As a whole, the household (as defined earlier, my wife and I and when we lend the cars to family and friends) drove about 46,000 total miles (both EV and ICE in the previous period) and we drove a total of approximately 39,300 55,000 total miles in the second year. That’s an increase of 9,000 decrease of 7,000 more miles of total driving of which 52,500  36,422 of those total miles were EV. That’s nearly 6,000 more miles than ALL the driving that we did during the first year of the hybrid garage study.

Interestingly, I did a quick 31,310 Tesla Model S update the day before the end of the second year of the study period and I had a lifetime Model S efficiency of 308 wH per mile. At the end of the day of the second year of the study, that average went down to a more efficient 307 wH per mile.

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Throughout the past year I’ve been using 308 wH per mile for my calculations. Now going to have to use 307 wH per mile. That achievement is something.

One of the things that I was hoping to announce in this post is, as a family, we’ve reached 100,000 all EV miles across all three EVs that we’ve leased or owned, but sadly at the end of the second year of the period, we’ve been able to get to 99,665 miles on all the EVs that we’ve owned or leased. Now if we were to count our loaners and the few times we’ve been able to rent EVs in this count, I’m sure we’re well over 100,000.

Looking forward to seeing what else we can achieve with our hybrid garage next year.

So, we got our bill for the second year of Solar usage from SCE.

Year two cumulative Solar PV Bill

It’s been two years since our PTO was approved, and, as opposed to last year, when all we had was the Active E, we pretty much used at LEAST two EVs, if not three EVs over the past year.

In our first year of Solar use, we had a credit. Which, as we found out, we could not claim. Because, it turns out, SCE’s though we’re credited for the production at a $ rate, with net metering, customers are paid out on OVERPRODUCTION and not on the CREDITS earned. What this means is the system has to produce greater kWh of energy than consumed by the end user. If this is the case, the customer is PAID OUT the power times the wholesale rate of production.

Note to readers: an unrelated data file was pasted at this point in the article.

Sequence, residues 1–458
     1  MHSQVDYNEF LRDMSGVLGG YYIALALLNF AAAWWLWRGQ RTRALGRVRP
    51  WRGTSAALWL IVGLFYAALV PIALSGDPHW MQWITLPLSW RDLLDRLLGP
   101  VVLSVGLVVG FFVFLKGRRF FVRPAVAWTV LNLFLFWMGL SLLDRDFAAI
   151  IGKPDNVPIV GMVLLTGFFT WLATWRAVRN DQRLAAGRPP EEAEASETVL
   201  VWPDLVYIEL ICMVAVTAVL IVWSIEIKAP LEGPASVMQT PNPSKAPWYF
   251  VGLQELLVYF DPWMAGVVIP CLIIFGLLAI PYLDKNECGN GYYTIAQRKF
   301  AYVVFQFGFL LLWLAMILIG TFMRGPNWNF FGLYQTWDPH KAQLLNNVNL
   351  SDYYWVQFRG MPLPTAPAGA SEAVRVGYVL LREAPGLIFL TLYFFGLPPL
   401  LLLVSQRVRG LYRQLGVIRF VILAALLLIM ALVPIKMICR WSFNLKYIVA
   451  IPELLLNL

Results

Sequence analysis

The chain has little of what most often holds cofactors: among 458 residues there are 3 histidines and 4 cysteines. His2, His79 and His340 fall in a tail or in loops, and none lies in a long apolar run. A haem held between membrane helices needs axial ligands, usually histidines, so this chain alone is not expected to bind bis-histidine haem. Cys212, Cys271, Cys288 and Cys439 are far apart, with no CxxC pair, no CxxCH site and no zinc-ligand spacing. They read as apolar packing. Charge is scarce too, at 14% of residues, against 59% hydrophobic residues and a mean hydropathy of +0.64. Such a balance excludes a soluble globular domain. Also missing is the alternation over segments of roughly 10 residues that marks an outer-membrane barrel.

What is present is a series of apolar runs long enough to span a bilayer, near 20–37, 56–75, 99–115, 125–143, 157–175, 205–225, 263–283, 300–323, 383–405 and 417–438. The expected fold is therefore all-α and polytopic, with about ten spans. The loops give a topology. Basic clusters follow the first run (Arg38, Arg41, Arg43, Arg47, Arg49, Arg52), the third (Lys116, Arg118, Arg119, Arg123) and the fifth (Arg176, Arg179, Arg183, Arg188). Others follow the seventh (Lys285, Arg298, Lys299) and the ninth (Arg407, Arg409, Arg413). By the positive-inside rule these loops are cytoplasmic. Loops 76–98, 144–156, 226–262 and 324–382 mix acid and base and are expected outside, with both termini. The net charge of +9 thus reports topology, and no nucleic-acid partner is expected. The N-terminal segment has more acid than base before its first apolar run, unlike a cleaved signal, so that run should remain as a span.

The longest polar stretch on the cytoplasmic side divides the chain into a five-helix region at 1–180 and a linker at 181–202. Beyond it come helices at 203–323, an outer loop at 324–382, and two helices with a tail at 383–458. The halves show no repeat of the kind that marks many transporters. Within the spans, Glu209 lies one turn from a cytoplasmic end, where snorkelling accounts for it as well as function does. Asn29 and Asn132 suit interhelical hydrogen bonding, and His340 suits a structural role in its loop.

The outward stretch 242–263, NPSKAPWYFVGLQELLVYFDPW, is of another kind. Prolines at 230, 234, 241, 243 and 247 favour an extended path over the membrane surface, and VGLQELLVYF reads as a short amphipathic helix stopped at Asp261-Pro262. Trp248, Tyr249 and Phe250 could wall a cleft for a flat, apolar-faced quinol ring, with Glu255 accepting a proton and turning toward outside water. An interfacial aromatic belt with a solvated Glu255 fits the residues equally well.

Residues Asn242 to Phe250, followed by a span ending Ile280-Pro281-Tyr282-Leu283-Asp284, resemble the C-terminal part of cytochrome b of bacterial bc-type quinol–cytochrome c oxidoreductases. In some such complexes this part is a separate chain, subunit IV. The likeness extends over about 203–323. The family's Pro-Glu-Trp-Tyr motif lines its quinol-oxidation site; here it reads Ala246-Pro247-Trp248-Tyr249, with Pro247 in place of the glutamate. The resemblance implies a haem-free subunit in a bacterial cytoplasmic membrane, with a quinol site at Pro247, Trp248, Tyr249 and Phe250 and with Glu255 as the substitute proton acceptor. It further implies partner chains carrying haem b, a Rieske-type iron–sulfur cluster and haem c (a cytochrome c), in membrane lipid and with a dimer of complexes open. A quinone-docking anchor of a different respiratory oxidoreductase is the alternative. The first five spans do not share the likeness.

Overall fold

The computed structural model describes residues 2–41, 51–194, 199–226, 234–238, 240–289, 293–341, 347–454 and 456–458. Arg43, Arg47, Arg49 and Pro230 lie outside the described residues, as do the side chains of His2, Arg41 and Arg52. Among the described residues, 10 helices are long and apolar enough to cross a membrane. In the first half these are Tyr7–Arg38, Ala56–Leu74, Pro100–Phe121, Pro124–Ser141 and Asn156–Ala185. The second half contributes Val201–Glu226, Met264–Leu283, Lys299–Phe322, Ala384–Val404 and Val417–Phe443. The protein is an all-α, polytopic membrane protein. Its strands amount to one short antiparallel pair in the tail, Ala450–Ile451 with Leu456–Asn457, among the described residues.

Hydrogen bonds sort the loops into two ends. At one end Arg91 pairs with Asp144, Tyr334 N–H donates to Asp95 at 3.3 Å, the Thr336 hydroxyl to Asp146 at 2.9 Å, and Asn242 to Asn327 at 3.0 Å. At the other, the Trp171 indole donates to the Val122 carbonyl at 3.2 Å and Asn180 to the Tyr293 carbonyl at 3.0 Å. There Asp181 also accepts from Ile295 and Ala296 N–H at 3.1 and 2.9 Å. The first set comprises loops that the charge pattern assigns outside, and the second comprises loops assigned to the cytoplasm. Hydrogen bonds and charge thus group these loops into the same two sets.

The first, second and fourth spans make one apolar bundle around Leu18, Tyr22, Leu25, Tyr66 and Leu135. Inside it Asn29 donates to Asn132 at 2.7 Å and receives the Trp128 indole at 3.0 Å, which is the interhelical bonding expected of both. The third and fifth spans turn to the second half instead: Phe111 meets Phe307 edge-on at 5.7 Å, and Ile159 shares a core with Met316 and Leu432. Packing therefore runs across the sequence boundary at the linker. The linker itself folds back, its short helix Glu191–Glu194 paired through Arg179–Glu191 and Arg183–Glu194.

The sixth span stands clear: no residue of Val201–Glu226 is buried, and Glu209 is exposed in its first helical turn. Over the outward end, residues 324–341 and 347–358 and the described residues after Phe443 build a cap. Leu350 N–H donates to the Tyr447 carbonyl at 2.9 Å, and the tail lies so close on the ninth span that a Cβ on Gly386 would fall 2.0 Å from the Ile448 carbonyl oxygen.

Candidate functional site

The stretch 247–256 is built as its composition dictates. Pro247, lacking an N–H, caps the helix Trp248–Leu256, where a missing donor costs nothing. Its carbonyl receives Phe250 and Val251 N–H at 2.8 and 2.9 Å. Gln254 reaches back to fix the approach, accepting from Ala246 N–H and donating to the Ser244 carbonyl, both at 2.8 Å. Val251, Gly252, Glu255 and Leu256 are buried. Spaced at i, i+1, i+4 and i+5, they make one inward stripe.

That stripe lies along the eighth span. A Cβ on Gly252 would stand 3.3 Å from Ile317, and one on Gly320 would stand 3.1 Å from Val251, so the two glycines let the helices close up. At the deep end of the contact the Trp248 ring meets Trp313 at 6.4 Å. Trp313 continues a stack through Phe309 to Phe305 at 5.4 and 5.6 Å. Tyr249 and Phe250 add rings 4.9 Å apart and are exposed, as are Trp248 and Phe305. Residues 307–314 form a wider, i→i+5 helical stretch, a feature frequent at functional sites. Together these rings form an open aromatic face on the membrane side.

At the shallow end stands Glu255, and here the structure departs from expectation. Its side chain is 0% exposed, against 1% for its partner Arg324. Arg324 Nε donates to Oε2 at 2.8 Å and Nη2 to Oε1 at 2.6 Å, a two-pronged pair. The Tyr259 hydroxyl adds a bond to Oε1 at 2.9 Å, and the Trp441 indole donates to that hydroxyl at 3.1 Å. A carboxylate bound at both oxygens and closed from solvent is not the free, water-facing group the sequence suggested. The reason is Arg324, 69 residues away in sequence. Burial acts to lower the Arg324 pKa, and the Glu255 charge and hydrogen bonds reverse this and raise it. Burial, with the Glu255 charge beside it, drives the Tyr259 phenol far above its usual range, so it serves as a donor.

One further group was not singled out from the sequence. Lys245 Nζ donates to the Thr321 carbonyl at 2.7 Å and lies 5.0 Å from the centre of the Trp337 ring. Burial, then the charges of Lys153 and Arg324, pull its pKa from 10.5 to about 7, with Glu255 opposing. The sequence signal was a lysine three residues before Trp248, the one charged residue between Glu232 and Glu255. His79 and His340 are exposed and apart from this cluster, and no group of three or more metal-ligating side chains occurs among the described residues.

Last year, we had a lot of credit as we primarily used energy overnight (at Super Off-Peak) and produced power during the day (the Peak rate). However, we actually used more kWh of energy than we produced. So, even though we had a credit last year, we were not paid out.

This year. We got our Tesla Roadster in the beginning of September, so, when our second year of service started, we were pretty much using TWO EVs. Then we got the Model S, and we were using three EVs during that time until the Active E was turned back in at the end of February. Regardless, the Model S and Roadster consumed energy at a greater rate than the Active E, so we did use more energy than we produced AND totaled a higher amount than we had been credited. Thus, the bill. Even so, at approximately $20 a month for all the driving that we do, and the home power usage. It’s still a win!

Interested in going solar? Get a quote from my solar vendor – Real Goods Solar.

Interesting offer from Audi…

So, I got an interesting offer from Audi last week…  (it was in my Spam folder) but still rather interesting:

Dear DENNIS,Audi is conducting a first ever Luxury Vehicle Conquest Sales Event in your area. Your status as a 2011 BMW Activee owner qualifies you to receive: exclusive incentives from Audi not available to the general public. If you don’t currently own the vehicle noted please see us immediately. Audi is extending this invitation to introduce you to the exceptional value and quality of Audi.

Circle Audi has been selected by Audi to host this exclusive Luxury Vehicle Conquest Sales Event.

This email entitles you up to $5,000 in Conquest Funding.

Please present this letter to Circle Audi for entry. Due to an anticipated high response, we suggest calling (888) 246-9997 to schedule an appointment.

Additionally, thanks to strong market demand for 2011 BMW Activees, Circle Audi is very interested in purchasing your vehicle. It doesn’t matter where you originally purchased your BMW, or which to which bank you make payments. Thanks to this unique program Circle Audi may be able to trade you out of your BMW by paying off your current vehicle or by taking your vehicle in on trade.

I hope you take advantage of this unique opportunity.

Sincerely,

Peter Murphy
General Sales Manager
Circle Audi 1919 N. Lakewood Blvd.
Long Beach, CA 90815
(888) 246-9997

I think they need to read the notes I gave the salesperson when I stopped in to see if they had any plug-ins for me to look at.  I know that the E-Tron has been announced, but I’ll believe it when I see it.

Also, being an ’80s Alternative Kinda guy, it’s kinda cool getting an e-mail from Peter Murphy!

Our decision… On the BMW i3 Electronaut Edition…

After a 23 week wait, the Electronaut Edition i3 that we configured (and re-configured) has finally made it to the dealership. Just in time for me to be on a trip, so, I didn’t get to see it until a few days after it arrived at the dealership.

Here are some pictures of it as it arrived from the Port.

Our EE .@BMWi i3 has finally arrived at the dealership as we leave on a trip.  A decision when we return.

The other profile of our EE .@BMWi i3 BEV not REX. No gas for me!  So tempting!

Our special edition .@BMWi i3 from behind looks good too...